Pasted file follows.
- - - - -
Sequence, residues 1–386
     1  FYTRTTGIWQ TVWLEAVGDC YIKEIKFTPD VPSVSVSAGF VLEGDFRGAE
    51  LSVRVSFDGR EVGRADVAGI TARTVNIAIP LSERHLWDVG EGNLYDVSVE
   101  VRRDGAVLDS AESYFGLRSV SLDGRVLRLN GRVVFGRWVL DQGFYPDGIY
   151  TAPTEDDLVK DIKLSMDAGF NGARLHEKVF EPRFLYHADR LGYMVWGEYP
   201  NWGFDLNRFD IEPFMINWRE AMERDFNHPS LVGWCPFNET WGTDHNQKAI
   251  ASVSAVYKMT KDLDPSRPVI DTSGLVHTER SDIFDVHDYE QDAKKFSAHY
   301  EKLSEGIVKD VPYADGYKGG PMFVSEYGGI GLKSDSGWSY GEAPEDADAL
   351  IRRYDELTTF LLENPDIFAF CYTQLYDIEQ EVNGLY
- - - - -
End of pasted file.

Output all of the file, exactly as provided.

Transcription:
Sequence, residues 1–386
     1  FYTRTTGIWQ TVWLEAVGDC YIKEIKFTPD VPSVSVSAGF VLEGDFRGAE
    51  LSVRVSFDGR EVGRADVAGI TARTVNIAIP LSERHLWDVG EGNLYDVSVE
   101  VRRDGAVLDS AESYFGLRSV SLDGRVLRLN GRVVFGRWVL DQGFYPDGIY
   151  TAPTEDDLVK DIKLSMDAGF NGARLHEKVF EPRFLYHADR LGYMVWGEYP
   201  NWGFDLNRFD IEPFMINWRE AMERDFNHPS LVGWCPFNET WGTDHNQKAI
   251  ASVSAVYKMT KDLDPSRPVI DTSGLVHTER SDIFDVHDYE QDAKKFSAHY
   301  EKLSEGIVKD VPYADGYKGG PMFVSEYGGI GLKSDSGWSY GEAPEDADAL
   351  IRRYDELTTF LLENPDIFAF CYTQLYDIEQ EVNGLY